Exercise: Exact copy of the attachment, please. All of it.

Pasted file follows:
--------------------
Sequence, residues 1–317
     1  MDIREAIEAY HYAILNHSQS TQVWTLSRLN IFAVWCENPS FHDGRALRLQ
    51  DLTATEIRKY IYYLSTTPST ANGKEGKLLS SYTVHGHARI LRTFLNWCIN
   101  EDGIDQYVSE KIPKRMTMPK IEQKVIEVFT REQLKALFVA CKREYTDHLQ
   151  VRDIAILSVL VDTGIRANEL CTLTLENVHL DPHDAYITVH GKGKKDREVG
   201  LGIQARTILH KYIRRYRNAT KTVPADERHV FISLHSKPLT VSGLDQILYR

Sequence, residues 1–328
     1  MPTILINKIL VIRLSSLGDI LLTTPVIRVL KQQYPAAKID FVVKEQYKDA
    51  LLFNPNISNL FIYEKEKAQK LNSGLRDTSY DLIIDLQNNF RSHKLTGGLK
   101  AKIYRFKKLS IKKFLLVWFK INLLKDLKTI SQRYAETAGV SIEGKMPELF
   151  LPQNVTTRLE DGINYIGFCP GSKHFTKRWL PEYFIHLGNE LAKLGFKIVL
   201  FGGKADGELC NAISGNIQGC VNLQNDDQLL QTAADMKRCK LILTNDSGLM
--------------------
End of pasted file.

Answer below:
Sequence, residues 1–317
     1  MDIREAIEAY HYAILNHSQS TQVWTLSRLN IFAVWCENPS FHDGRALRLQ
    51  DLTATEIRKY IYYLSTTPST ANGKEGKLLS SYTVHGHARI LRTFLNWCIN
   101  EDGIDQYVSE KIPKRMTMPK IEQKVIEVFT REQLKALFVA CKREYTDHLQ
   151  VRDIAILSVL VDTGIRANEL CTLTLENVHL DPHDAYITVH GKGKKDREVG
   201  LGIQARTILH KYIRRYRNAT KTVPADERHV FISLHSKPLT VSGLDQILYR

Sequence, residues 1–328
     1  MPTILINKIL VIRLSSLGDI LLTTPVIRVL KQQYPAAKID FVVKEQYKDA
    51  LLFNPNISNL FIYEKEKAQK LNSGLRDTSY DLIIDLQNNF RSHKLTGGLK
   101  AKIYRFKKLS IKKFLLVWFK INLLKDLKTI SQRYAETAGV SIEGKMPELF
   151  LPQNVTTRLE DGINYIGFCP GSKHFTKRWL PEYFIHLGNE LAKLGFKIVL
   201  FGGKADGELC NAISGNIQGC VNLQNDDQLL QTAADMKRCK LILTNDSGLM